eebee's picture

Heel Bone Bruise, or Spur

Hey Marianne! Wish you could have been here too. Thanks for the reply. Yes, courage and volunteers are essential to putting on such an event, and I can only claim experience from mostly watching as Roadskater devised his Carolina Century plan. I was happy to do whatever task he needed me to, but the guts were all up to him.

Here's a really gross image of what my heel looks like (it's somebody else - I'm somewhat less hairy). Heat molding my boots would help the most, which I will have to get around to doing. In the meantime I plan to only skate a flat track, so I can push out to the sides, because if I'm doing hills I'm pushing somewhat backwards and exacerbating the issue. Walking and running in anything other than bare feet also make it worse.

I bet your surroundings look beautiful with that snow covering.

From all the photos I can

From all the photos I can tell that you all had tons of fun on that memorable day.

Ohhhh, it hurts just by looking that heel. Let me know how the heat molding went. I still have not purchased new skates, but I just found out from Julie Glass that one can mount brakes on Luigino’s. That’s a bonus. I don’t know what’s holding me back now…

The white gold has since left the Bow Valley and we are performing the legendary snow dance 24/7. There is somewhat enough of the white fluff on the slopes to ski, but everybody is on their “rock skis”. The Canmore Nordic Centre is bare except for the man made stuff. A loop of only just 1 km has been prepared to accommodate the first Biathlon races already underway this weekend.  

 

eebee's picture

Vocab lesson, please

Ok Marianne, I give up. What is a 'rock ski' and what does your local version of a biathlon entail? I saw something about different cross country skiing, and shooting stuff. I guess it makes sense for you to buy some new skate boots when it's thawing outside, so you can be instantly gratified after buying them. Speaking for myself as a long-distance outdoor skater, I don't think doing circles in a rink on new boots would give me an accurate first reading of how the boots fit out of the box. Having said all that, if you see a great bargain...go for it...and then tell us about it so we can experience the thrill of new boots all over again through you.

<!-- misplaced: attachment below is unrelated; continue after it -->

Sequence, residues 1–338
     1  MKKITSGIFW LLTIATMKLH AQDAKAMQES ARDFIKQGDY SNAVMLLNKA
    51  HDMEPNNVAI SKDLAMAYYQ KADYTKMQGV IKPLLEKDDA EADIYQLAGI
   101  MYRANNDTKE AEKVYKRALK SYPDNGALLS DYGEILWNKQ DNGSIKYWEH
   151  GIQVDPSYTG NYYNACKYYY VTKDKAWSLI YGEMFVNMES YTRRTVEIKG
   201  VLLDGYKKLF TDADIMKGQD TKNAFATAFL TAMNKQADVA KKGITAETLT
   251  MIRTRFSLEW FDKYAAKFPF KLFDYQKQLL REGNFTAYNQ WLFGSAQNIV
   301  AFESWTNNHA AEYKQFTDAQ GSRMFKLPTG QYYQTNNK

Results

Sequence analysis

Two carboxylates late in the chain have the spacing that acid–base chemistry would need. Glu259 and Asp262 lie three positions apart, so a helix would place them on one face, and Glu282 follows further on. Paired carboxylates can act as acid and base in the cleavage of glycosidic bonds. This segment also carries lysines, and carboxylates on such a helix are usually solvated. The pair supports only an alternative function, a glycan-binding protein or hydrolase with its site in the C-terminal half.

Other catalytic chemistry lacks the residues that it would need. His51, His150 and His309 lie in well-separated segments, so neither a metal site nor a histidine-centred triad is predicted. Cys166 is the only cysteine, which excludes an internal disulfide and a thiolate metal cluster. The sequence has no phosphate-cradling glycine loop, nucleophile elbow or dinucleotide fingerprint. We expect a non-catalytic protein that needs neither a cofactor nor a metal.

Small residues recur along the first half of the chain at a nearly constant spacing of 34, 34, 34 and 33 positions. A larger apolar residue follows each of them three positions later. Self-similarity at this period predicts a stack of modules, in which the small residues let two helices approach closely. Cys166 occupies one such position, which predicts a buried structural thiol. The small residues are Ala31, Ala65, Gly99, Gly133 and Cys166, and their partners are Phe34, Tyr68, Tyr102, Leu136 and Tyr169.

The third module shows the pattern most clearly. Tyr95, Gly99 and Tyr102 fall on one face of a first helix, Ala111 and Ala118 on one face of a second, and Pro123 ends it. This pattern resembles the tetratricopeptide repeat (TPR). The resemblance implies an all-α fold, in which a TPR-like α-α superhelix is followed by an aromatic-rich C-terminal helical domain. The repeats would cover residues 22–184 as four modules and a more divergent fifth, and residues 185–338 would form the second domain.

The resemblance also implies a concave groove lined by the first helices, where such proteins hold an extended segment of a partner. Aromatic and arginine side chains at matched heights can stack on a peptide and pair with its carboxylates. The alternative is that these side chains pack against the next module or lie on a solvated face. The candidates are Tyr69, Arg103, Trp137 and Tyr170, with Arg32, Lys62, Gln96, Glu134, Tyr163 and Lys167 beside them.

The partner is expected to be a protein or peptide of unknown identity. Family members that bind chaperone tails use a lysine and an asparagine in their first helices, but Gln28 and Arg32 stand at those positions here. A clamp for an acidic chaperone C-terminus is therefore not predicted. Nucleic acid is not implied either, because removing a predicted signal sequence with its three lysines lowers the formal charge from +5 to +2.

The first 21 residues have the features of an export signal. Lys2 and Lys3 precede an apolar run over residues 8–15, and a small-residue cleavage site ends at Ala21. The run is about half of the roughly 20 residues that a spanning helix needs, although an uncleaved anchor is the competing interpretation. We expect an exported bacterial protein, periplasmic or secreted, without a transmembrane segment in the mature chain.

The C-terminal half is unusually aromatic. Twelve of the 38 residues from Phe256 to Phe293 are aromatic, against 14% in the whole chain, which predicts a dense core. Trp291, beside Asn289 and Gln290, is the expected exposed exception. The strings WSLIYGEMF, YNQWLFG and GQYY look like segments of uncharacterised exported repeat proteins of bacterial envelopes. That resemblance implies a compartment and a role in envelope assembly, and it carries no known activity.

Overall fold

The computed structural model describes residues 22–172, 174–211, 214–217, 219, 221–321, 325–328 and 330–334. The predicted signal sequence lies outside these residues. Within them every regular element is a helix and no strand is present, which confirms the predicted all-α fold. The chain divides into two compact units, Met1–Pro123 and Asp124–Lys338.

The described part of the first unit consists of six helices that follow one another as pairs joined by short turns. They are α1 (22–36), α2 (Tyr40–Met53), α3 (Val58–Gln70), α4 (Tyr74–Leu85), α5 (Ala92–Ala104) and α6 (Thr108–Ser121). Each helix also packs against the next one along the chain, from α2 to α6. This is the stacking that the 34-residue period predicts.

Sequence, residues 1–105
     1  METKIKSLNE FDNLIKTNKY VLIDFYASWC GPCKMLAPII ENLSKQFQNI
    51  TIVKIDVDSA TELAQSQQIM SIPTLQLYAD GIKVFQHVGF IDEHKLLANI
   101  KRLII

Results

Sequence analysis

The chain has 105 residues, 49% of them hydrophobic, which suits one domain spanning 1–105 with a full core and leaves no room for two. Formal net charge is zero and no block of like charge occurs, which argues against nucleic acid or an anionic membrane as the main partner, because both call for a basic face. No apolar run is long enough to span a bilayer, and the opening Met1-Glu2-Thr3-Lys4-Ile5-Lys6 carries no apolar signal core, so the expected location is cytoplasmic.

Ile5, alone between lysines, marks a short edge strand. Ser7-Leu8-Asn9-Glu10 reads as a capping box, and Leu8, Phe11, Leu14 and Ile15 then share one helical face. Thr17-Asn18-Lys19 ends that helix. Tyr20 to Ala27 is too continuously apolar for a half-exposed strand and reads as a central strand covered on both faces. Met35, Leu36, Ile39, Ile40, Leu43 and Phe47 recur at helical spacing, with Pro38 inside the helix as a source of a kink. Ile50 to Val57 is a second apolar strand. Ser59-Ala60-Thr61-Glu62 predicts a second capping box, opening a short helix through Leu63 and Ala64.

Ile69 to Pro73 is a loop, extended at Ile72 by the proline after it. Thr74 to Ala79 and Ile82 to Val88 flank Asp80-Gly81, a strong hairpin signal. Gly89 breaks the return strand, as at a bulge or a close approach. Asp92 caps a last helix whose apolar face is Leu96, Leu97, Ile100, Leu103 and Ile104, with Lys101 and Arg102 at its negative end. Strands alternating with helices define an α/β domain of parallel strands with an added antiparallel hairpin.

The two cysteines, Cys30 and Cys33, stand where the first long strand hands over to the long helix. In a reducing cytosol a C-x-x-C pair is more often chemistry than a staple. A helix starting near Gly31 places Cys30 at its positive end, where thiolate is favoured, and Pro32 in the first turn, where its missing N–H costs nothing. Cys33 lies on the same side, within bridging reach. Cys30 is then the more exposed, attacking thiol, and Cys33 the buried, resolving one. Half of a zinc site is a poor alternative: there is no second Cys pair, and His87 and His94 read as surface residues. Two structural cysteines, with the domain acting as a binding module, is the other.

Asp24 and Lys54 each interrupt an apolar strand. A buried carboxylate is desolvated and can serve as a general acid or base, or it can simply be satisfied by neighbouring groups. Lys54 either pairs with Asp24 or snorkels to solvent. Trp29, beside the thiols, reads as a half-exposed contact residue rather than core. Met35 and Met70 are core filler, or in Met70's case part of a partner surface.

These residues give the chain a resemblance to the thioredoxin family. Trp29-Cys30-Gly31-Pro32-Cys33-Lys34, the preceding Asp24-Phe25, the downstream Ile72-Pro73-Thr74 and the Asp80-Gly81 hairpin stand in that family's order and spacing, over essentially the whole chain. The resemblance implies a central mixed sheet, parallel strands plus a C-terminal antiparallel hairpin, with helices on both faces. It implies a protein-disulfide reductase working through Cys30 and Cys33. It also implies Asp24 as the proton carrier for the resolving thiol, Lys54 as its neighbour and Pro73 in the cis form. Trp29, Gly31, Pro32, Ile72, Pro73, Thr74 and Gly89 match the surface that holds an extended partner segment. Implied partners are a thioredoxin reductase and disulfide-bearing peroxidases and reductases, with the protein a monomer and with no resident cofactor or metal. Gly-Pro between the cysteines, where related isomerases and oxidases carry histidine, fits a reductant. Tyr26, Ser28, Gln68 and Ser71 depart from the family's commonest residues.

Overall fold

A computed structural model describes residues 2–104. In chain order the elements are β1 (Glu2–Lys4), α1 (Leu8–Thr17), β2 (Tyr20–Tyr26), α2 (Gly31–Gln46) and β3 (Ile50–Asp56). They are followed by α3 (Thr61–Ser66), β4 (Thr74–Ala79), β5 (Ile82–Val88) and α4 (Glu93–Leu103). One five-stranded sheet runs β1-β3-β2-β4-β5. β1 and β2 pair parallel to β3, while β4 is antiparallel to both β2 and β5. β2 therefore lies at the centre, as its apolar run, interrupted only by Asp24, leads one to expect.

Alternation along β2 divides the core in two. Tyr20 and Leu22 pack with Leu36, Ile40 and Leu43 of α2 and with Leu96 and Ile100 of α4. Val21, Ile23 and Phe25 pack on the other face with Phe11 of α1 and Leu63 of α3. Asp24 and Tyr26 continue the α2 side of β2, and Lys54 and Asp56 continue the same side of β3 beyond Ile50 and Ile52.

roadskater's picture

A Guess About Rock Skis

Having grown up near the ski areas on North Carolina, I'm going to hazard a guess that rock skis are like rain wheels...the back-up or old model skis from years past that you now use when conditions are poor, with not enough snow around, and patches of grass and rocks that may be uncovered during the day of skiing in conditions above freezing temps. This may not be right, but I remember many of those days in NC of course, where often it's cold enough to blow snow overnight but the next day is gloriously warm and sunny (for winter). It's a bummer to get wet if you fall, but if you're past falling pretty much or have the right clothing, these days can be lots of fun...good for your soul, if not good for your ski bottoms.

Rock Skis and Biathlon?

 Yes, that is exactly what Rock-Skis are. A pair of old boards that saw better days with more powder and now don’t might end up in the recycling bin, should one take them beyond skiable. People used them to reconstruct something else out of it. Like a bench, or in some parts of the world (e.g. Switzerland) they are cemented in to walls along the highways that go through cities to keep the noise level down. Biathlon: once you know what the heck you are actually looking at, it is much more interesting then just the classic cross country skiing events.  If you scroll down on the page  http://www.answers.com/topic/biathlon  you will find the history and the Basic concepts along with the rules of the sport.  -Much easier then me trying to find the right words to explain it- The Swiss Army is still training soldiers in the mountains equipped with skies and riffles.  If for nothing else, they all stay fit and have fun doing it.  LOL 

In the meantime we got some snow; despite the blue skies, it is very cold. This morning minus 19C

I love downhill as much as the free styles cross country skiing and I am out there every chance I get.